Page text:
Whether you are just doing a regular check up on your long-term investments or evaluating your monthly savings plan, it is a good idea to review your financial decisions at least once a year. July is savings month and the perfect time to take stock, writes Lettie Mzwinila.
Am I paying myself enough? This is a question many investors fail to ask themselves. By saving, you are effectively paying yourself: You are setting money aside to help realise your goals and building a financial buffer to ease the bumpy periods when life happens. Finding the space in your budget to save, after taking your monthly expenses into account, can feel like a daunting task, but once you get started, you’ll realise that all it requires is some planning and discipline.
Setting your savings targets
While there is no magic number that works for everyone, you may want to start saving some money to build a fund that can cover unexpected financial emergencies. As a general rule of thumb, you should aim to save enough to cover your living expenses for at least three months. It takes most people quite some time to accumulate this amount, but by contributing regularly it can be achieved. Your savings targets should be determined by what you are saving for, how much you need to save and how much time you have to save for it. Once you have worked this out, you will need to commit. Thinking of your savings and investments as essential fixed expenses that need to be paid each month can help you create the discipline you require for successful saving and long-term investing.
Am I paying myself enough?
To help you answer this question, you should evaluate these different areas in your financial life:
- Your current financial situation: You wouldn't get into a car in the middle of nowhere and drive aimlessly without knowing the route to your desired destination. The same thinking should apply to your finances. You need to know where you currently stand in order to get to where you want to go. This is an important part of creating an effective financial plan, because it allows you to identify your financial needs and direct more money towards your savings and investments.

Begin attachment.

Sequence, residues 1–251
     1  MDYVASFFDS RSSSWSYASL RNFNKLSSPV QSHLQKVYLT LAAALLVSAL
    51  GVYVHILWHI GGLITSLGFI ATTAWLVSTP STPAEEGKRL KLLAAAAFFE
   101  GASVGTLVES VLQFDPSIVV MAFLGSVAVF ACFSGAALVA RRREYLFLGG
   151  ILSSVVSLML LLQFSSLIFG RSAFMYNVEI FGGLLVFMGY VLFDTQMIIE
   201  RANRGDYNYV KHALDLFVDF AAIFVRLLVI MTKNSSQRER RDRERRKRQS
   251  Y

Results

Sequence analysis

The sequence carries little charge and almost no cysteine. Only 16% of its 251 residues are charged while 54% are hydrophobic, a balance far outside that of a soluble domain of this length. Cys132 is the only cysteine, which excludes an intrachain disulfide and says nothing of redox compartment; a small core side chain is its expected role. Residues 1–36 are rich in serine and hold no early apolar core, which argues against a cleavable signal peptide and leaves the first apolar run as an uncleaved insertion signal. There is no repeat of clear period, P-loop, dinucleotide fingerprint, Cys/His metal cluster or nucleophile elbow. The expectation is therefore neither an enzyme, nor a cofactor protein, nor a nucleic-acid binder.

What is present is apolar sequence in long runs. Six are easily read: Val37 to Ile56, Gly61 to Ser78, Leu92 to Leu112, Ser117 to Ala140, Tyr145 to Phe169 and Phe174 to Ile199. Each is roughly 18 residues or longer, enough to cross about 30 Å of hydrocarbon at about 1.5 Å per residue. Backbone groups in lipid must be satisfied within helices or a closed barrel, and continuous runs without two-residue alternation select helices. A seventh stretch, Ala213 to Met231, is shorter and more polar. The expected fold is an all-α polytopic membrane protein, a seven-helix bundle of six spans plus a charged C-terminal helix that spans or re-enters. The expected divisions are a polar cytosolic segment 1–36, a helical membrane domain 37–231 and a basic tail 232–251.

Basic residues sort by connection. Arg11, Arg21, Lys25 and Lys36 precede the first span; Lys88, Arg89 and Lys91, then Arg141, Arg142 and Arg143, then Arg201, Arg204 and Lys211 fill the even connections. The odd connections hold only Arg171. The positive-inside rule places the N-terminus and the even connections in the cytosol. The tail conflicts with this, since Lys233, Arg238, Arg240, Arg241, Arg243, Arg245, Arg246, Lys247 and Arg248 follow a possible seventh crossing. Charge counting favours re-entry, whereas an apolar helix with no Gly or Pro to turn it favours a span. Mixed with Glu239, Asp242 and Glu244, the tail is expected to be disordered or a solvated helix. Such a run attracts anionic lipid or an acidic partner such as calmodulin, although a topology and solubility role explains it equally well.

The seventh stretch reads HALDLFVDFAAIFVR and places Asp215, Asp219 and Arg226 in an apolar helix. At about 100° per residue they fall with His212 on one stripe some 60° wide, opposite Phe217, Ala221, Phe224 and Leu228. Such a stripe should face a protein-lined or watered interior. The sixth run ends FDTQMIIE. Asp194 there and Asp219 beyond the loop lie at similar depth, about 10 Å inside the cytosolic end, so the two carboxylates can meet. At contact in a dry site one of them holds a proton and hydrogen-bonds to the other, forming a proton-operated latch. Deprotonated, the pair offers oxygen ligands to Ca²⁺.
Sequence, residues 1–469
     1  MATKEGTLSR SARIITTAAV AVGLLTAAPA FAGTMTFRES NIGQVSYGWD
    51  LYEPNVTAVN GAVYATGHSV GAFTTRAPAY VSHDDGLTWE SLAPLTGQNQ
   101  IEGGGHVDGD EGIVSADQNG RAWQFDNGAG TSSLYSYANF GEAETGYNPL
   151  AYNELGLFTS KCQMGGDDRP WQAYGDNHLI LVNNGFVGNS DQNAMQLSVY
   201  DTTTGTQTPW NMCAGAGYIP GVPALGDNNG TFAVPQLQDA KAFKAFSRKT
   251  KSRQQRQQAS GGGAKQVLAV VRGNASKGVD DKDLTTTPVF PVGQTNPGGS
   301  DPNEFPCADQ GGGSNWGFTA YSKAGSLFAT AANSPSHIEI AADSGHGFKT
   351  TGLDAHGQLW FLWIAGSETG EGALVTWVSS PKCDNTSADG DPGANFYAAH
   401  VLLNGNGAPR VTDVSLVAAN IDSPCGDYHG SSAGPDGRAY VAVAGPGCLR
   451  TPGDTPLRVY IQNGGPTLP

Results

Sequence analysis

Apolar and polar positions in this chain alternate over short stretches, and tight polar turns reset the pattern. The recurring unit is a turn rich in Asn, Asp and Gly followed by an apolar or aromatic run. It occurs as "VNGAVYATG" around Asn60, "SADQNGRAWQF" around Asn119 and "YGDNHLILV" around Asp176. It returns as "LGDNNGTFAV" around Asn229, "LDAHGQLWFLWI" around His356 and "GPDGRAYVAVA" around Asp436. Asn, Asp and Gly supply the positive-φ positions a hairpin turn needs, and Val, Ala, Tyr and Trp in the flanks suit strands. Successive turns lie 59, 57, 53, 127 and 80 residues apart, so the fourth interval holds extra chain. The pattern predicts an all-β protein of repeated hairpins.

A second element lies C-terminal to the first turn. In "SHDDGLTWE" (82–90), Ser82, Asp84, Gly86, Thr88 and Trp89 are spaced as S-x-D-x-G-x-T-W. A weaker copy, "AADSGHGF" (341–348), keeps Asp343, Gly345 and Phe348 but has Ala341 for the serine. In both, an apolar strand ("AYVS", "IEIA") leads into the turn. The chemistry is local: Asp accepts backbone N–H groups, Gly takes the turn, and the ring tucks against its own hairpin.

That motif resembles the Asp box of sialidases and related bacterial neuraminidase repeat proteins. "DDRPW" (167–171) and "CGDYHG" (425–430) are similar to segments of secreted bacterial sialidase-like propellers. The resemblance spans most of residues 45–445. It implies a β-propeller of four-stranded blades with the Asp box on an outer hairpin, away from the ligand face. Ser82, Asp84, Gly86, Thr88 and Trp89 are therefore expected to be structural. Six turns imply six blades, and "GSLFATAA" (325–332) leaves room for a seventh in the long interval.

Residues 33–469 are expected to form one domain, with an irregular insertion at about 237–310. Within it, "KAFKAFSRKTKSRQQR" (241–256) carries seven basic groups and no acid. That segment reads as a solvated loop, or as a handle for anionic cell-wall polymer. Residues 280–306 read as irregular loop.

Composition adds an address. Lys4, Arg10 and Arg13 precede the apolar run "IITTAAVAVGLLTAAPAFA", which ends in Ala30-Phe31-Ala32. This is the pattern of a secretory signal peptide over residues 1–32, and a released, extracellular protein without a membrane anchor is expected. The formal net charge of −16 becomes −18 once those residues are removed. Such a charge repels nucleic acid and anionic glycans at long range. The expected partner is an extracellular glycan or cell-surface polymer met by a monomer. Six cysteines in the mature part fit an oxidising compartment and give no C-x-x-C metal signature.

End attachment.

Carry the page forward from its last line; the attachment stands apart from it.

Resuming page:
- Your short-, medium- and long-term goals: What do you aim to achieve financially? Spend some time thinking about the things you really want and identify how much money you can save towards each of your goals. You may need to prioritise these goals if you can’t afford to put away as much as you would like to.
- Your cash flow: If you are lucky enough to have a regular income, money constantly flows in and out of your bank account. But do you measure it? This is where budgeting comes in. By monitoring and tracking your spending you can identify and curb bad spending habits, allowing you to create more room to save.
- Your dead leaves: While you may have your cash flow and budget set up, sometimes we have bad spending patterns that prohibit us from saving. It is important to evaluate your spending patterns regularly to help prune unnecessary expenses. Take the time out to consider what is important to you and eliminate the things you can do without.
Having a real overview of these four areas can help you get started, ensuring that you are paying yourself enough and securing your financial future, one month at a time. As with any goal, being realistic about your needs, and not being too hard on yourself, can go a long way in helping you achieve success. Your future lifestyle depends on the choices you make today, so plan for the healthy financial future you want by paying yourself first.
This article was published on the Allan Gray Website on 26 July 2019.